1
$\begingroup$

I know this question has already been asked a lot of times before as mentioned:

Polynomial bounds?

Is $\lceil{\lg n}\rceil!$ polynomially bounded?

But what I could not understand it is how to prove that it is not polynomial bounded. According to the Book Introduction to Algorithms:

We say that a function $f(n)$ is polynomially bounded if $f(n)= O(n^k) $ for some constant $k$.

Thereby using Stirling approximation I could easily get: $(\lg n)^{\lg n}$ omitting the constant values: $e^{-\lg n}\sqrt{2\pi\lg n}$

So for $\lceil\lg n\rceil!$ to be proved as a polynomial it should follow:

There would exist constants $c$, $k$ and $n_0$ such that $0\le\lceil\lg n\rceil!\le c {n^k} $ for all $n\ge n_0$

But do not know how to prove it further. Could someone please help me out in figuring this out. Thank you.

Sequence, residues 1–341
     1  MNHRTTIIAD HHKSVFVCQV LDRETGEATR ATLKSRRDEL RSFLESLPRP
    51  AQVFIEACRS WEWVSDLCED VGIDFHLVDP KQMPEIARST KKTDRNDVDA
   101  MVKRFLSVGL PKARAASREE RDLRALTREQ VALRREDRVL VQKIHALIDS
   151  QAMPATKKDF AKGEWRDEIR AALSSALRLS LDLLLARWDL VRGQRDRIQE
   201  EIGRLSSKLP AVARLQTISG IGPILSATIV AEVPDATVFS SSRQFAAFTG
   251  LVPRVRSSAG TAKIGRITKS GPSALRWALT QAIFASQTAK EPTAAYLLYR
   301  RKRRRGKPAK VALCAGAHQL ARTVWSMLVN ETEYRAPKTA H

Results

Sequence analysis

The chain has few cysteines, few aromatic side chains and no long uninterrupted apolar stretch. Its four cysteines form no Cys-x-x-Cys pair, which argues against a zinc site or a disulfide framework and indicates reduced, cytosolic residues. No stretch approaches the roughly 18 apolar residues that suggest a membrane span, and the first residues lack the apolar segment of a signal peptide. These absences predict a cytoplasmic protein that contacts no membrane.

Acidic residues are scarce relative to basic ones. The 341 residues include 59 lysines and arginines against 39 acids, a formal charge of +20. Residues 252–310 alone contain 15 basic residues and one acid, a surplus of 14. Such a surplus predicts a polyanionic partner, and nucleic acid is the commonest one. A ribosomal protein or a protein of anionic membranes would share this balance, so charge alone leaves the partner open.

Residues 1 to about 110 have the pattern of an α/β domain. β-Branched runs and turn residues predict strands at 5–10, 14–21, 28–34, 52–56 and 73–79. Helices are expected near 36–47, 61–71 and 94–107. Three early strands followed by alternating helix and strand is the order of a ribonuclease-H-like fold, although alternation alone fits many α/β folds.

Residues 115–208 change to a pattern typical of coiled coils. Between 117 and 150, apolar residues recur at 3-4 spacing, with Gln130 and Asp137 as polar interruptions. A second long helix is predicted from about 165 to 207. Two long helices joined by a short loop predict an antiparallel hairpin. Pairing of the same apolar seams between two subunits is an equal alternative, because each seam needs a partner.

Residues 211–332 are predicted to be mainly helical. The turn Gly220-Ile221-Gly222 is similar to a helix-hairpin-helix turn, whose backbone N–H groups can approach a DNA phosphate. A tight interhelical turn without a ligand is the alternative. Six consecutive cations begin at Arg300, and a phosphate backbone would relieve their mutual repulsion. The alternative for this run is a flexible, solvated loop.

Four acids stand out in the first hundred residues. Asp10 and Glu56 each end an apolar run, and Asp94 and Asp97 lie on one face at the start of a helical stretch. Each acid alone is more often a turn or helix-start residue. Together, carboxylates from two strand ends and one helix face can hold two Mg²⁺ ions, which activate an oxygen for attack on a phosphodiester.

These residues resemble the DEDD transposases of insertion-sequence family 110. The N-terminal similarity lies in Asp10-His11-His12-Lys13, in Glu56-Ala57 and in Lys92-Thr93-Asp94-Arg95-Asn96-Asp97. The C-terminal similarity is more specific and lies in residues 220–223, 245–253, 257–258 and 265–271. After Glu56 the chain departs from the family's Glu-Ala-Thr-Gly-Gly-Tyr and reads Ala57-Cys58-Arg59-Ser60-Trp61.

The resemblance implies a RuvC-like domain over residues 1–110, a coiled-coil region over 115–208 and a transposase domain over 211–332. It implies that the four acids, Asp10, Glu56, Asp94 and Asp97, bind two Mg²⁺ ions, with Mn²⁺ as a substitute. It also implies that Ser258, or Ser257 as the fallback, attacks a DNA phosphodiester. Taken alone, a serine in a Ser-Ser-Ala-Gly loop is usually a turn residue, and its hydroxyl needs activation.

$\endgroup$
1
  • $\begingroup$ is $\lg n = \frac{\ln n}{\ln 10}$? $\endgroup$
    – Alex
    Jun 5 '20 at 20:34
3
$\begingroup$

In the answers that you cited the problem is essentially reduced to studying the expression $$\log(n)^{\log(n)} = \exp ( \log(n) \log(\log(n))) = n^{\log(\log(n))}.$$ Since $$ \lim_{n\rightarrow\infty}\log(\log(n))=\infty $$ there cannot exist a constant $C>0$ and $k$ such that $$ n^{\log(\log(n))}\le Cn^k. $$ In other words, $n^{\log(\log(n))}$ is not polynomially bounded.

$\endgroup$
4
  • $\begingroup$ If you could let me know why we did exp$(\lg n \lg(\lg n))$? $\endgroup$ Jun 5 '20 at 19:30
  • 1
    $\begingroup$ We wanted to represent $\log(n)^{\log(n)}$ as a power of $n$, in order to compare it with $n^k$ later, so we used the identity $\log (a^b)=\exp(b\log a)$. $\endgroup$
    – Tony419
    Jun 5 '20 at 20:15
  • $\begingroup$ Ok thank you. Got it. $\endgroup$ Jun 6 '20 at 5:40
  • $\begingroup$ Also could you please explain me this statement if you do not mind: $\Theta \left(n^{\log \log n}\right)$ is polynomially lower bounded but not upper bounded. I am confused on how the author conclude that it falls in Omega? $\endgroup$ Jun 6 '20 at 18:15

Your Answer

By clicking “Post Your Answer”, you agree to our terms of service, privacy policy and cookie policy

Not the answer you're looking for? Browse other questions tagged or ask your own question.